As soon as a child can run, kick a ball or play games with other children, sports become an excellent way to help their growth and development. Scientific studies suggest the benefits of sports beyond physical activity. Still, parents who don’t have enough knowledge or experience in athletic events may be hard-pressed to prioritize it. Fortunately, children can participate in a wide variety of sports regardless of their age, physical abilities, or special interests.
How can parents introduce sports to young children and ensure they don’t lose interest in it during their teenage years? We can teach skills and develop young talents, but we should accept that sports aren’t for everyone. Kids are still kids, so they should be allowed to explore their interests and discover their passions.
Still, if parents decide to encourage their children in sports, here are some excellent tips on being consistent and keeping them engaged.
Parents often introduce sports to young children through their national sports team or a local tournament, either as a player or a spectator at the event. It’s important to have sports heroes and role models who the kids can look up to. As children grow older, they should learn how to appreciate talented athletes so they can be motivated rather than intimidated.
A 10-year-old child may be able to run a marathon, but weight lifting may be too much. While we love sports prodigies, it’s the parents’ responsibility to choose sports that match their child’s basic abilities before building up with guidance and support.
While health is the first apparent reason children should play sports, some families may be exposed to other emotional and mental health risks that make sports not ideal for the child. Understanding the child’s health needs should be the priority, while sports is just one way to meet them. For example, many kids grow up with asthma or allergies that discourage them from exerting themselves. Nevertheless, there are ways in which parents can build up their strength physically and mentally, and emotionally so they become sports-minded beyond their teenage years.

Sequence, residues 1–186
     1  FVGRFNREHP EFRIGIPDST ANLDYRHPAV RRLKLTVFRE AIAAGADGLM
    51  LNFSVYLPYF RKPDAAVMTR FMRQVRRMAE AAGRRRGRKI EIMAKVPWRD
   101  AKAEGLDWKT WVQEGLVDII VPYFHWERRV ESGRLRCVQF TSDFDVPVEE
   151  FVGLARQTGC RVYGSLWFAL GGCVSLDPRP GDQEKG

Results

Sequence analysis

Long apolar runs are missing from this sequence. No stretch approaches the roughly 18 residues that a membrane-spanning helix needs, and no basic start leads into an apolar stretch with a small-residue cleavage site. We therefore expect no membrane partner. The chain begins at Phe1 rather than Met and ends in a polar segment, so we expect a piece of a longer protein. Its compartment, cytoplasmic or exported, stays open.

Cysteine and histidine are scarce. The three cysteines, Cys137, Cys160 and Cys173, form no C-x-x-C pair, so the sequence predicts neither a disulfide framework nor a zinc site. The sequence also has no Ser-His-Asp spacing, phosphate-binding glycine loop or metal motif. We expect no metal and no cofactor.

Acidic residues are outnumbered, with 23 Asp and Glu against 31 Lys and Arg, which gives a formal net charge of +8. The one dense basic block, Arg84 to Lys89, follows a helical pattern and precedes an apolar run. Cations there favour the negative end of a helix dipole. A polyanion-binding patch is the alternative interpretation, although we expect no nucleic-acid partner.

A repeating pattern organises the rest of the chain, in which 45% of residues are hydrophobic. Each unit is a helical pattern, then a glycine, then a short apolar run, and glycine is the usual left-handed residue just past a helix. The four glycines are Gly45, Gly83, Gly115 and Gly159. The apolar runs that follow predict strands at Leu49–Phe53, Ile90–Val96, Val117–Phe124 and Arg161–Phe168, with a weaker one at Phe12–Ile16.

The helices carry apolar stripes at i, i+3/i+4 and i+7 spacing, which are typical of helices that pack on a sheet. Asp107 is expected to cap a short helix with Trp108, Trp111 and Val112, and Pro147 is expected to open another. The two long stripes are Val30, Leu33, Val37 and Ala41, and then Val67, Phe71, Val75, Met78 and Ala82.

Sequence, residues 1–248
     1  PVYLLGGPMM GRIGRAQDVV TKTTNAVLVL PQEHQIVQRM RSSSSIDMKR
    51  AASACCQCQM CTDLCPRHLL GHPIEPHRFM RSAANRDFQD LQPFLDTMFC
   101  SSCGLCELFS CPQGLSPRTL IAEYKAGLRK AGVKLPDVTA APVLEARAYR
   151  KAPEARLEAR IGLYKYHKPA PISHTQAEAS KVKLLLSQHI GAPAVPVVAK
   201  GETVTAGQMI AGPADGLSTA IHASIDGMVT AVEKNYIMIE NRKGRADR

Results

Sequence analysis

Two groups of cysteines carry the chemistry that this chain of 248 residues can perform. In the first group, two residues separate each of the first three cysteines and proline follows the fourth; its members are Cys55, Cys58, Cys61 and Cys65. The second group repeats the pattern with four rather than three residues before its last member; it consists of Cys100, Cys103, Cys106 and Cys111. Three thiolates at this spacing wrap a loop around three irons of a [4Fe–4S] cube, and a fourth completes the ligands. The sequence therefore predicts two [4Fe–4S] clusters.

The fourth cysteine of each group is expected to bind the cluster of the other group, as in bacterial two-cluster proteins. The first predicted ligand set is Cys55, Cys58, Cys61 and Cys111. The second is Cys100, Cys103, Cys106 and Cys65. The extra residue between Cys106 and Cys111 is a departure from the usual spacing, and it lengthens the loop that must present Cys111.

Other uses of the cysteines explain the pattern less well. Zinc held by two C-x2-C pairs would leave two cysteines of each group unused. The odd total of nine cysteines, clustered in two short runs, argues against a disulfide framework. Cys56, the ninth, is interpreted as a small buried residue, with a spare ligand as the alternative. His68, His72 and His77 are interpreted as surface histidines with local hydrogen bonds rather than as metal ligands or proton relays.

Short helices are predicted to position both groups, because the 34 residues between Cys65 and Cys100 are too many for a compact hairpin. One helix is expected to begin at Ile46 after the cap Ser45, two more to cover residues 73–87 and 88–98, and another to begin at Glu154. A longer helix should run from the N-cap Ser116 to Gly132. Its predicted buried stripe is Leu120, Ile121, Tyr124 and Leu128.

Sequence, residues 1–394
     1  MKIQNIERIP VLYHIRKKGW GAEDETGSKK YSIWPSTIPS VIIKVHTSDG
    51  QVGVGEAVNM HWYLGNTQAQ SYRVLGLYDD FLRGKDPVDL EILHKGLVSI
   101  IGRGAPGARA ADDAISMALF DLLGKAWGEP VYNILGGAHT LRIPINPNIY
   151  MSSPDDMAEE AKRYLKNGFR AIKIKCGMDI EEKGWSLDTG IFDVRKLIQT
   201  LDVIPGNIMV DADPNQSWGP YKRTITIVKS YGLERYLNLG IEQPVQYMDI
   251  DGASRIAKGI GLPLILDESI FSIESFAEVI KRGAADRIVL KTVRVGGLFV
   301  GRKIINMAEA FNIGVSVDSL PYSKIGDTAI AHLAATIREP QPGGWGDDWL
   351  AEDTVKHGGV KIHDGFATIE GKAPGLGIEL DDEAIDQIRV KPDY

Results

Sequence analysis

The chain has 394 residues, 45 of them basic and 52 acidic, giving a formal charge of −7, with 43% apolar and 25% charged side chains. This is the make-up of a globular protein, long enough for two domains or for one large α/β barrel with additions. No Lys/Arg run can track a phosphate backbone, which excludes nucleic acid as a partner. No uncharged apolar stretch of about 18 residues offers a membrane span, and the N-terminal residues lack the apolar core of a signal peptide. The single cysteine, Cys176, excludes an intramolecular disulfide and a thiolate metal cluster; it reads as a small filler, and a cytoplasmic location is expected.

Some children live in neighborhoods with no parks, while others may find it challenging to play in a safe space. On the other hand, some youth find recreational courts and playgrounds safer. Sports have many advantages, but there are also disadvantages. Making sure that children feel safe when they engage in sports is key to developing their interest in the long run.
Games often create winners and losers, but sports make players do this for fun. Reminding children that athletes share similarities even though they are rivals sets up a mindset that sports should be enjoyable and not a source of pain or stress. The more kids enjoy an activity, the more they will become independent, learn how to make up their minds, and learn discipline.
As adults, our role is to open opportunities for young kids to explore and realize their potential. Often, parents’ unrealistic expectations set them back or earn them resentment. Being honest with ourselves and our children should be an excellent first step in building a relationship with them through something as thrilling and positive as sports.